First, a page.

12. Julie, I’ve so been there. You go for awhile and feel so proud of yourself…..”Hey, look at me and how well I’m handling this-I should win Mother of the Year I tell ya!” And then all of the sudden it hits you what this all means……and what it could bring…..and what it might not bring….and how others feel about it….blah, blah, blah. And you feel that sickness in the pit of your stomach. I’ll share with you what I share with myself when I’m going through this emotion about Kyle’s journey (yes, I call it a journey-I’m not quite up to the adventure word yet) and that is that what’s on the outside is all just casing. It’s what’s on the inside that counts. And your daughter sounds like my son-caring, witty, bright and proud to be who they are in this world. And that does say something about us, doesn’t it?? I mean, would YOU have done this at Jessie’s age? I sure as hell wouldn’t have. But they know that we have their backs and that our love is uncondtional. And anybody who doesn’t understand that can kiss our ass! 🙂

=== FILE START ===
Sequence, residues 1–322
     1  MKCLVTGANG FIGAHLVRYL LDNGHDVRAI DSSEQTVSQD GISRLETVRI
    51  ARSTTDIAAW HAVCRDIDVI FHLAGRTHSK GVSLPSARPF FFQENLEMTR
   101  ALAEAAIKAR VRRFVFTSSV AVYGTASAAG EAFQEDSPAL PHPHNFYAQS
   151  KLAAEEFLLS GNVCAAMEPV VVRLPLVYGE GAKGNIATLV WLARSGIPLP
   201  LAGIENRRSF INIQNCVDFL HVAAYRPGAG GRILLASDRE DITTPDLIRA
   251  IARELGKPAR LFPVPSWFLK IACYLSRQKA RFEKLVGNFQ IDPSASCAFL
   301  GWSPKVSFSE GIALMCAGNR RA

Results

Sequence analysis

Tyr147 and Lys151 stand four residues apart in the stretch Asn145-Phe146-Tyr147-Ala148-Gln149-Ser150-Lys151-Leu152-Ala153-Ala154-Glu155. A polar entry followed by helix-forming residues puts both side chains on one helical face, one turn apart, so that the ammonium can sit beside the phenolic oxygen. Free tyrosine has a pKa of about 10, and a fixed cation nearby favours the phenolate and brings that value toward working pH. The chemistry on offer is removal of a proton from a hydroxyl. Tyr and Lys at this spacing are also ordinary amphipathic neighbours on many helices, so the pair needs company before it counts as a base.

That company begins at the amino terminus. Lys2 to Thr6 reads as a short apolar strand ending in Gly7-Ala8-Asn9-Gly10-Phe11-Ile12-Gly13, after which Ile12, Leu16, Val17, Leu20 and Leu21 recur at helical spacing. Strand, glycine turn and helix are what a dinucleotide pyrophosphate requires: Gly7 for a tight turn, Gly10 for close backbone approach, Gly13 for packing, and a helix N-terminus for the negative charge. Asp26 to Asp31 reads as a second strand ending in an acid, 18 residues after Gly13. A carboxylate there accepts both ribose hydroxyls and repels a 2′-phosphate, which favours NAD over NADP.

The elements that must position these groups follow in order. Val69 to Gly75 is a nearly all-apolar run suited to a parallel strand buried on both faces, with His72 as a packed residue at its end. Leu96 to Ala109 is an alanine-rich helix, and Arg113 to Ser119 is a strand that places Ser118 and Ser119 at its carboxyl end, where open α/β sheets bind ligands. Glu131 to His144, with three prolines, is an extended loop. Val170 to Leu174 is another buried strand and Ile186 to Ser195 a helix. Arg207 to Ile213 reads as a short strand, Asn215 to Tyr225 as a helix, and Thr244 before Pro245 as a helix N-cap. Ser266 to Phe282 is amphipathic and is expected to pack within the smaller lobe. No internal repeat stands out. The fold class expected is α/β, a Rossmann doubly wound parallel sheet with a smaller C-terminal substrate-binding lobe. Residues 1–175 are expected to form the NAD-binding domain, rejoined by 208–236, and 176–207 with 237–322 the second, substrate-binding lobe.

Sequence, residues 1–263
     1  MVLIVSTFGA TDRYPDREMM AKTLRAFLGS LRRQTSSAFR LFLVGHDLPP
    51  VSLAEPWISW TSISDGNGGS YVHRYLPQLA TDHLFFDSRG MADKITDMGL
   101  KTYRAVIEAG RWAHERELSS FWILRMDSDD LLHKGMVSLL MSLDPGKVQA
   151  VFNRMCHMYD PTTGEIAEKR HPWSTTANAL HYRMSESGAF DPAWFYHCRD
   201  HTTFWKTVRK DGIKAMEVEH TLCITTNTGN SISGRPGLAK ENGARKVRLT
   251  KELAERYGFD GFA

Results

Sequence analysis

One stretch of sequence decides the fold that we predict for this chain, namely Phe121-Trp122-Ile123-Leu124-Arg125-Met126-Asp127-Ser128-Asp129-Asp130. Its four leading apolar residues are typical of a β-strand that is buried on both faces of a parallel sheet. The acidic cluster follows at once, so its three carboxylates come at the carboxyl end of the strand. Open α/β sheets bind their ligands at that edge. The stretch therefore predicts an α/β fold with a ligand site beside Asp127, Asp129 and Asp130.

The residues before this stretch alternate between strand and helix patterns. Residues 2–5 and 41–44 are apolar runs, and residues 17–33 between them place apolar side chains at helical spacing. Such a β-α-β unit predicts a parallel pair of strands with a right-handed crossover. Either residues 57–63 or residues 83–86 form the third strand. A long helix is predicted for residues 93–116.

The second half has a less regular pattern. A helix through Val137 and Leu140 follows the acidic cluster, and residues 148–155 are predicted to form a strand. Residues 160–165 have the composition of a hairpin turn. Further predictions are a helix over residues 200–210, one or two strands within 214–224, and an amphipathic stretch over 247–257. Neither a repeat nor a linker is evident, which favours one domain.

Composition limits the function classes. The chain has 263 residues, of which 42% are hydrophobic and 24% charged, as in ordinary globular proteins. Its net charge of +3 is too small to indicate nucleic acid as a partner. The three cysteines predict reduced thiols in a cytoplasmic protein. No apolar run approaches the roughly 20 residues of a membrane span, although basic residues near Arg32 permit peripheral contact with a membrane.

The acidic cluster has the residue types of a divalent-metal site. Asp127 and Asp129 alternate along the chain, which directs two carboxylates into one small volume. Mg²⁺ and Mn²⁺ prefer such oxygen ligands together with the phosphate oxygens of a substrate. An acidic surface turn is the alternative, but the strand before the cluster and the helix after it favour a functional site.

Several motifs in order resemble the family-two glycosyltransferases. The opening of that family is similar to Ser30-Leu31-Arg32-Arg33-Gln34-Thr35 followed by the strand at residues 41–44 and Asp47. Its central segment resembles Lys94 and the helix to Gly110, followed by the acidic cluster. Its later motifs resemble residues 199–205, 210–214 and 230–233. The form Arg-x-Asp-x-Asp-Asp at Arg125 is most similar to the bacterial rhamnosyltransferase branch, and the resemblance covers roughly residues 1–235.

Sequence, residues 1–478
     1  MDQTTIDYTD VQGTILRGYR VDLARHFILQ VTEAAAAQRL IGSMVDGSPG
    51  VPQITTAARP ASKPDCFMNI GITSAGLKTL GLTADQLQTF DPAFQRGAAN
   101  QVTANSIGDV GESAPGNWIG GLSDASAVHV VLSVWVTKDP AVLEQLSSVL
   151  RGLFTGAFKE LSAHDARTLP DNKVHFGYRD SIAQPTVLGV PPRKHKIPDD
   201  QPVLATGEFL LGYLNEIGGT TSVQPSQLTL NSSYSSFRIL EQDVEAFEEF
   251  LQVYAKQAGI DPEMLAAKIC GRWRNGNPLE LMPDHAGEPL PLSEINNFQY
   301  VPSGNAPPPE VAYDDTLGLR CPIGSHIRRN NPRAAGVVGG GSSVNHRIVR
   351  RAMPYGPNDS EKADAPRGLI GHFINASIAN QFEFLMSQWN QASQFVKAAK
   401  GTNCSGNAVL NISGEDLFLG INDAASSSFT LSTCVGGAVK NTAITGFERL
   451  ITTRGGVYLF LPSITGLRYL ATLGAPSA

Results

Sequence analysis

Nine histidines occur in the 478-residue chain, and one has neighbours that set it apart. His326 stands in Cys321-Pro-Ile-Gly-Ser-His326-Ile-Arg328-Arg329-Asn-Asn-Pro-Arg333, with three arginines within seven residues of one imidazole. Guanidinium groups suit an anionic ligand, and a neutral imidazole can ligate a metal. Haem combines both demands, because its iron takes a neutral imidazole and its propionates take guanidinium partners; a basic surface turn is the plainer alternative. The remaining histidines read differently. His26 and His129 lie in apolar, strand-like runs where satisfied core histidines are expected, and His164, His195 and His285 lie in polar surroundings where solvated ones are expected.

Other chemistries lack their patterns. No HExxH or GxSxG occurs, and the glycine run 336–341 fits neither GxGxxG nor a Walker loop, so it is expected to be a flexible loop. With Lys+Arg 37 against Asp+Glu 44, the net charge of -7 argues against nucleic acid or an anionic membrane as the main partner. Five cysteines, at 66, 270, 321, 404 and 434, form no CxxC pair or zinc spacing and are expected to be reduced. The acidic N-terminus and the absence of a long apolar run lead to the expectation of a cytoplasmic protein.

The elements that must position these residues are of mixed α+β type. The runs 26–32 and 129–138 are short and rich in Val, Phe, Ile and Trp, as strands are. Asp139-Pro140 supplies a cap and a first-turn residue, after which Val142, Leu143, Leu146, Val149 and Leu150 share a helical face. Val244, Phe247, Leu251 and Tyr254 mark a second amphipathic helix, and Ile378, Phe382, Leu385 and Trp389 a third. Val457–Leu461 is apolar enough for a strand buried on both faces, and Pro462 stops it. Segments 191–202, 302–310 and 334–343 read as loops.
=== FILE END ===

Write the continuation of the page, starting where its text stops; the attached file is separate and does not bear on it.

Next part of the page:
13. I just found your blog and am dealing with the same feelings albeit with a Kindergartener. I’ve been told that I need to live in the grey area for now while he figures it all out. Being a planner, this is a daily (hourly!?!) challenge.

    I’m looking forward to reading more:)

    • Thanks for the link. I did not see it yet and have only had a chance to see a few snippets from it! She is funny as hell…like laugh out loud funny…when she isn’t driving me crazy, that is. LOL